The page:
The American military research and manufacturing facility Picatinny Arsenal has given further details of the U.S. Army’s extended-range artillery system.
The Picatinny Arsenal’s presentation notes the U.S. Army aspires to field systems capable of accurately firing at targets 100 kilometers away in the next four years, a dramatic increase over the 30 kilometers a currently-fielded 155mm howitzer shell is capable of when fired at the top zone with rocket assistance.
According to the presentation, the Army’s effort is called Extended Range Cannon Artillery (ERCA). Building on mobility upgrades, ERCA will increase the lethality of self-propelled howitzers. ERCA provides a “10x” capability through a combination of an increased range, increased rate of fire, increased lethality, increased reliability and greater survivability.
ERCA will provide integrated cannon artillery technology solutions to maximize performance at a system level and regain lethality overmatch for U.S. Army 155mm indirect fire systems for operations in emerging battlespaces and near/peer environments.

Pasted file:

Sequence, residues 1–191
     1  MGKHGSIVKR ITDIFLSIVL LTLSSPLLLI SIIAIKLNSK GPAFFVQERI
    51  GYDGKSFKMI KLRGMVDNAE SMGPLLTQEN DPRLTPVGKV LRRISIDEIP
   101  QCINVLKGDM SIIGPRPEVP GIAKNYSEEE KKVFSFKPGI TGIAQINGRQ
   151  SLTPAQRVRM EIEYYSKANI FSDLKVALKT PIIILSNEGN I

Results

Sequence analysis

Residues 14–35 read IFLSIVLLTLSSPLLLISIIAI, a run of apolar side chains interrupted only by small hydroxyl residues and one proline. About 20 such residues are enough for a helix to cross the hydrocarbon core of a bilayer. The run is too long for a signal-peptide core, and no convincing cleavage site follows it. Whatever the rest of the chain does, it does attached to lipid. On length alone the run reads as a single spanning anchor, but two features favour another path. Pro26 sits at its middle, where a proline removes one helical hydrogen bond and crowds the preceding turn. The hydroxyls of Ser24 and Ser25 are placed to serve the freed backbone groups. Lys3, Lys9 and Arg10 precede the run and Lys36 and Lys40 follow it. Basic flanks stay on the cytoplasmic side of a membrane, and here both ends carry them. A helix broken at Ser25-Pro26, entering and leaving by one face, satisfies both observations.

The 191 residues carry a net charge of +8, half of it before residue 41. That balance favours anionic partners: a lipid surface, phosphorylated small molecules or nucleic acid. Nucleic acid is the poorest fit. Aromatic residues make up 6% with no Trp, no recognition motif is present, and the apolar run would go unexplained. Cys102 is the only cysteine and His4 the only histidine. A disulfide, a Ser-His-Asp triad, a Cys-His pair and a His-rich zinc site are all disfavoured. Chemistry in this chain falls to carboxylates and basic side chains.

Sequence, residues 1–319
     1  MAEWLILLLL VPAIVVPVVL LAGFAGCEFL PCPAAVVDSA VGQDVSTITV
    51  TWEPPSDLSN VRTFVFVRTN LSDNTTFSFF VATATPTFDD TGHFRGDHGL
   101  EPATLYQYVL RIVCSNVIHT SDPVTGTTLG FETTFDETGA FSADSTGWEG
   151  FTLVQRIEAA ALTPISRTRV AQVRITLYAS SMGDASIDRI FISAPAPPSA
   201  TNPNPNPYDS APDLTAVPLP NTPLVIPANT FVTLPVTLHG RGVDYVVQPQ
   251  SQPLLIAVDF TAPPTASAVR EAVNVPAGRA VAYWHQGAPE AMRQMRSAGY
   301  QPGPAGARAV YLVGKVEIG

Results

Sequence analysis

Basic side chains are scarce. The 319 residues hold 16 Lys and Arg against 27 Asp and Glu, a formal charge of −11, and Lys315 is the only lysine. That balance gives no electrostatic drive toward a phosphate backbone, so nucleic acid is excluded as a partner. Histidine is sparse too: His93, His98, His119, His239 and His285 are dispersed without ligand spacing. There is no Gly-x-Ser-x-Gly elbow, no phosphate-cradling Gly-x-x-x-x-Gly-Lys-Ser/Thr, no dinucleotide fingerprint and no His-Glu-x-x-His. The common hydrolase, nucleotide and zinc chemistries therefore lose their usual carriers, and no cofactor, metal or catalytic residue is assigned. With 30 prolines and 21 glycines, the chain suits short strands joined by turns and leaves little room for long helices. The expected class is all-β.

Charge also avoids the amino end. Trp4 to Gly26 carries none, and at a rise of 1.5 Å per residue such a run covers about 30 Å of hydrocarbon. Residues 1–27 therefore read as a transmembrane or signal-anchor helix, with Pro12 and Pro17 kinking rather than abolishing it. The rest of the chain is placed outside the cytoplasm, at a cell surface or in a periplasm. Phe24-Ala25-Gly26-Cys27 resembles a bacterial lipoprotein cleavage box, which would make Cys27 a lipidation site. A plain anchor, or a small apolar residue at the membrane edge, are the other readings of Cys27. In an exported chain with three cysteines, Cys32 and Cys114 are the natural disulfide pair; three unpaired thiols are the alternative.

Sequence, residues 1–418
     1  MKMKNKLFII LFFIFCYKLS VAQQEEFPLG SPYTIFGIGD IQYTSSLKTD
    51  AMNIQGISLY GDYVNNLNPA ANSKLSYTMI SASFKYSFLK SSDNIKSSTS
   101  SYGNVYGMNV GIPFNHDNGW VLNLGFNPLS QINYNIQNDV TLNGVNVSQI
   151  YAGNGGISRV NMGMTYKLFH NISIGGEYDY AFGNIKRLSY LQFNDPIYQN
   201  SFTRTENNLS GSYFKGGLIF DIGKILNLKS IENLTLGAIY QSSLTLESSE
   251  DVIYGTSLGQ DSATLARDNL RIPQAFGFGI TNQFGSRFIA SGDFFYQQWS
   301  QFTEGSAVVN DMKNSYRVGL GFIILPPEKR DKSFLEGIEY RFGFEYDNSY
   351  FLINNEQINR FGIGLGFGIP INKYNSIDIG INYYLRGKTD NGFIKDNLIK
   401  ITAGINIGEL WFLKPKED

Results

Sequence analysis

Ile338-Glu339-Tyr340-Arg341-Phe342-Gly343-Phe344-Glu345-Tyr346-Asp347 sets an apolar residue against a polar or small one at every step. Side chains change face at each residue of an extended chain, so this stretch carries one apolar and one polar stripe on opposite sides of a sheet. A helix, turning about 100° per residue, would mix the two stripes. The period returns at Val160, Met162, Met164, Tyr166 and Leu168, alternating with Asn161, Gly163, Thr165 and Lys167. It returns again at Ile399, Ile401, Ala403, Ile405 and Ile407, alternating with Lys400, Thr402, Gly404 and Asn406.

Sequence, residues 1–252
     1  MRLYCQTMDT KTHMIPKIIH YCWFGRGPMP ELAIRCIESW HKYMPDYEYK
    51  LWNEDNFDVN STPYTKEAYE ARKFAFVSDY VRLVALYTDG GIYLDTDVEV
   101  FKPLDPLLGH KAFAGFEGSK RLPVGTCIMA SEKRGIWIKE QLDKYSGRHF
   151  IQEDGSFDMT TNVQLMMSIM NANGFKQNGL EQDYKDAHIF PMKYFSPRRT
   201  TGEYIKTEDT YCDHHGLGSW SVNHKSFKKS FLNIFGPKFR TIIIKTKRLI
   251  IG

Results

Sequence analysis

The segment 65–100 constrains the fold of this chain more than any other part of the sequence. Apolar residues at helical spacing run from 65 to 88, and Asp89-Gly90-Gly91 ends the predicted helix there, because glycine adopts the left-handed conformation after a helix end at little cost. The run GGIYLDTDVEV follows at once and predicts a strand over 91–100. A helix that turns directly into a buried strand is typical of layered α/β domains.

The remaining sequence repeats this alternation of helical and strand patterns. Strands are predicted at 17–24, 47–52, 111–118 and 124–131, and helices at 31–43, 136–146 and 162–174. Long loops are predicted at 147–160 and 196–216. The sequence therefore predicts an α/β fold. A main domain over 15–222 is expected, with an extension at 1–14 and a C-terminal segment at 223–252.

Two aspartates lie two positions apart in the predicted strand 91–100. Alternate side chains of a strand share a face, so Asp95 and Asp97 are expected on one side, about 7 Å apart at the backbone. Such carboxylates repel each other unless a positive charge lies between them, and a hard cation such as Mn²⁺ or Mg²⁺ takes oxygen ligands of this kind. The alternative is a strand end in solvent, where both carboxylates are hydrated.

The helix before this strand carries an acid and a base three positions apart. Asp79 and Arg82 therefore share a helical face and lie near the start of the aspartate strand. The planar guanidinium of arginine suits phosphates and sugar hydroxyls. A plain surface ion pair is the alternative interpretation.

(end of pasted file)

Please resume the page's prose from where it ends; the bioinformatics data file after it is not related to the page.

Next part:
The new artillery system will provide 300% improvement in area coverage for 155mm artillery, in so doing, a burst rate of fire greater than 6-10 rounds per minute and 30% range increase for legacy artillery ammunition.
The new extended-range artillery system will consist of five major components integrated into an M109 platform:
- XM907 cannon, and partial autoloader.
- XM208 Gun Mount.
- Ammo Handling.
- XM1113 Next-Generation Rocket Assist Projectile – 70km.
- Extended Range Propelling Charge (XM654).
The most significant difference is in the round’s much-larger rocket, which pushes out more than twice as much thrust as the legacy system.
Further, the XM1113 is designed to utilize the currently-fielded Precision Guidance Kit (PGK), a fuze that turns conventional artillery round into a semi-guided one.
The XM1113 Insensitive Munition High Explosive Rocket Assisted Projectile is slated to replace the Army’s aging M549A1 rounds. Currently, the M549 rounds can reach about 30 km.
The XM1113 reached 72 km during a demonstration, said Rich Granitzki, Long-Range Precision Fires Science and Technology Advisor for Combat Capabilities Development Command, or CCDC, at Picatinny Arsenal, New Jersey.
Also noted that the extended-range artillery system will be able to use future XM1115 ammunition in a GPS denied environment.